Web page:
How to treat my dog for urinary tract and bladder infection
Treatment for a simple bladder infection usually consists of a week or two of antibiotics.
Because urinary problems are so varied and potentially serious in nature, you should go to the vet. Depending on your dog’s diagnosis, the following may be recommended:
- Dietary change
- Increase water intake
- Urinary acidifiers or alkalinizers
- Intravenous fluid therapy
- Treatment of any underlying conditions
- Herbal Supplements
Natural treatment for urinary tract and bladder infection in dogs
Rather than give your dog antibiotics, which may cause side effects, some dog owners prefer to follow a more natural approach to treat urinary tract infection.
Whether your dog's infection is caused by bacteria, fungi, parasites, or crystals, there are many natural remedies you can try if you wish to avoid antibiotics.
Only do this if you know what you are doing and seek advice from a Naturopathic Vet on the best treatment for you dog.
There are several herbal remedies that are thought to be effective and include:
- Juniper berry is known to increasing the rate at which the kidneys filter out impurities and increases urine production.
- Parsley leaf is an effective diuretic has antiseptic qualities that are great for treating urinary tract infections.
- Uva Ursi leaf is one of the most powerful natural astringents available that can attack a variety of pathogens. It can also reduce the inflammation associated with these infections.
- Marshallow root stimulates the immune system and attacks bacteria that cause these infections, while also soothing and reducing irritation.
- Cranberry or Blueberry will prevent the bacteria from attaching to the lining of the urinary tract.
- Supplementation with B vitamins and antioxidants in times of stress.
- Cooling foods such as raw fruits, vegetables, and yogurt will reduce the symptoms of urinary tract infection.
There are some good natural treatments for UTIs without using harmful drugs & antibiotics. Look for only the best ingredients. Cranberry Dog Chews ingredient include cranberry fruit extract supplement with Apple Cider Vinegar which also helps to prevent flea, bladder infection & kidney infections. Cranberry stops bacteria and flushes them out in the urine. This parmaceutical grade formula remedies bladder pain, control inflammation relief and is a good post antibiotics medicine treatment.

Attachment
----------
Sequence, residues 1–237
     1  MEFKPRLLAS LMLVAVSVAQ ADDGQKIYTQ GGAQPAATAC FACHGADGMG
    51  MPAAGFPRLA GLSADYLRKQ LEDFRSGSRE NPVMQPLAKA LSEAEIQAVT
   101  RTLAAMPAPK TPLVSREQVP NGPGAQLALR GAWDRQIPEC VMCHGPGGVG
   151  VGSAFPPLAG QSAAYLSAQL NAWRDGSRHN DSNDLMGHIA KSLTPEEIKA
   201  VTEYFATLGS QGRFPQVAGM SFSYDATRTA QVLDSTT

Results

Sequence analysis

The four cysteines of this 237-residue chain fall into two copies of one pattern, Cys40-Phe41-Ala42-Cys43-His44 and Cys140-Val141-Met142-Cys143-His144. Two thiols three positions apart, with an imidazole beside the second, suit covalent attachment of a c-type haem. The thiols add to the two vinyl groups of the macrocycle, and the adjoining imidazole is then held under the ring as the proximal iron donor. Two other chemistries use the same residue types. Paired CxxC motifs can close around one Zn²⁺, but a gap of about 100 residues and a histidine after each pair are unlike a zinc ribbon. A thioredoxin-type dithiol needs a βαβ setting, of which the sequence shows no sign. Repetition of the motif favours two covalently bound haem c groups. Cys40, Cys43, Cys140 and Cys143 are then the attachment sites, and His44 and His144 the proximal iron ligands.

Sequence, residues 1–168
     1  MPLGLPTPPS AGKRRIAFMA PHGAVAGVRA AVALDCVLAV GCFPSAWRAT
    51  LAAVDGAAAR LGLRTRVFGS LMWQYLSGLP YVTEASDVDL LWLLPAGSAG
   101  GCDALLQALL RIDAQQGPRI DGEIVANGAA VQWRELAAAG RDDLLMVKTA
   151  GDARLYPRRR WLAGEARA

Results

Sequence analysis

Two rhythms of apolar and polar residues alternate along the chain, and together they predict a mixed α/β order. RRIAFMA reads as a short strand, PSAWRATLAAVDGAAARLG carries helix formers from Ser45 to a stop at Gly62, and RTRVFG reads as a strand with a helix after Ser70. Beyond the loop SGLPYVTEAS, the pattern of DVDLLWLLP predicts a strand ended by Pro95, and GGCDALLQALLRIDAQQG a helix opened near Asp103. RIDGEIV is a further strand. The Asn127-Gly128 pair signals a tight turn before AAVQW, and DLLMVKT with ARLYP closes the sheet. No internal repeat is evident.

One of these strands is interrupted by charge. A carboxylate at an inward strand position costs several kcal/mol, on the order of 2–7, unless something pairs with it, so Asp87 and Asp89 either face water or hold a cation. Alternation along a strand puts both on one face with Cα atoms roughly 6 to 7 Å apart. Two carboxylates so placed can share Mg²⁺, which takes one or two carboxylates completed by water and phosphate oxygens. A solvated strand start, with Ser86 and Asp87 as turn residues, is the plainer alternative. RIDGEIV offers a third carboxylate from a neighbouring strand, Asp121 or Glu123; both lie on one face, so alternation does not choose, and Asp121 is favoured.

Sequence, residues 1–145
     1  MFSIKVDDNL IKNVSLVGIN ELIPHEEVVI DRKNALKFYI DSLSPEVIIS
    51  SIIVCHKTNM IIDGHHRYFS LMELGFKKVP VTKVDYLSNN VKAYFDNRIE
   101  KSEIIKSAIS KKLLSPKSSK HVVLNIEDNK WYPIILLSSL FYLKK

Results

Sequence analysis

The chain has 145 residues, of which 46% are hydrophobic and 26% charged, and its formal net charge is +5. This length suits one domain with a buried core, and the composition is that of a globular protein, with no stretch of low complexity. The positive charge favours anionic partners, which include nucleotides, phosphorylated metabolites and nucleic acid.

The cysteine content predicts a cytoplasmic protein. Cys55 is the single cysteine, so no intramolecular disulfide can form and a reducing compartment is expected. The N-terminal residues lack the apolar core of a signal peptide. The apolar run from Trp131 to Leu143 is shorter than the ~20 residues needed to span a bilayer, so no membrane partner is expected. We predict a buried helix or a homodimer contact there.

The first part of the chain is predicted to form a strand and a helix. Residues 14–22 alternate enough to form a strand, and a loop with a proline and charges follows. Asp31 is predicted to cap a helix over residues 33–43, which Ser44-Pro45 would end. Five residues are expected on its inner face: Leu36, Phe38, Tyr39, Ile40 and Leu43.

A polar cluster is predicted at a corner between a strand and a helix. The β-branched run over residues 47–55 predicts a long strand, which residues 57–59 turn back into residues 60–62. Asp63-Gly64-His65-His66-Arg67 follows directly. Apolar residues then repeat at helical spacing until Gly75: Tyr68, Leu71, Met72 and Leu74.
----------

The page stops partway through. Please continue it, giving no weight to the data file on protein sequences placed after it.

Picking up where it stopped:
Cranberry Chews do not contain byproducts, wheat, corn, animal digest, grains, soy, egg, potato, shrimp, crab, shark, gluten, avocado. It provides pure & holistic nutritional vitamin boost and is easy and convenient to use.
Apple Cider Vinegar
The website, EarthClinic.com has submissions from dog owners on numerous home remedies for bladder infection.
An overwhelming response suggests Apple Cider Vinegar (ACV) as a treatment for urinary tract and bladder infections. Here are some excerpts on the treatment with ACV for their dogs infections.
- “I put 2 tablespoons of ACV in a small bowl, a little handful of kibble to help her eat it. She licked the bowl clean in a short minute. She went right to sleep and then this morning I did another 2 tablespoons of ACV in her breakfast bowl. She ate it all and was then sound asleep on the bed. No fuss to go outside. She has peed on her walks but no extra tinkling. I can tell that her body temp is not as hot as it had been the past week and her eyes have stopped discharging”
- “OMG this totally works and works fast! I mixed 2 tablespoons each ACV and honey. Had to coax my puppy into eating it but he got it down. Within 3 hours he started leaking urine for a few minutes at a time. Within 5 hours he is urinating slowly. He is no longer in a permanent squatting position and has perked up considerably. Cannot believe how fast and simple this was. My poor puppy has been miserable for days waiting for our vet apt tomorrow. Now he's taking food and drinking! Will continue this treatment twice a day for a week”
- “The Apple Cider Vinegar helped! I teaspoon BID (twice a day) mixed in the wet food plus some chopped parsley from my garden and my dog is his normal self again. No more accidents around the house. This is day 4 of the treatment, and we could put our steam cleaner back in the basement”
Apple cider vinegar is a rich source of enzymes, potassium and other useful minerals that is said to prevent the bacteria that causes the infection from growing.
If you add apple cider vinegar to your dog's diet, only use a raw, natural unfiltered variety. These still contain the beneficial qualities required to improve health.
What can happen if my dogs infection goes untreated?
Untreated urinary problems can lead to serious medical problems, pain and discomfort and be potentially life threatening if it moves into the kidneys.
If a stone blocks the urethra and prevents your dog from peeing, kidney failure may occur, bladder rupture and may be fatal.
Urinary tract infections in pets are serious, get your dog to a vet as soon as symptoms arise in order to get a diagnosis and begin treatment.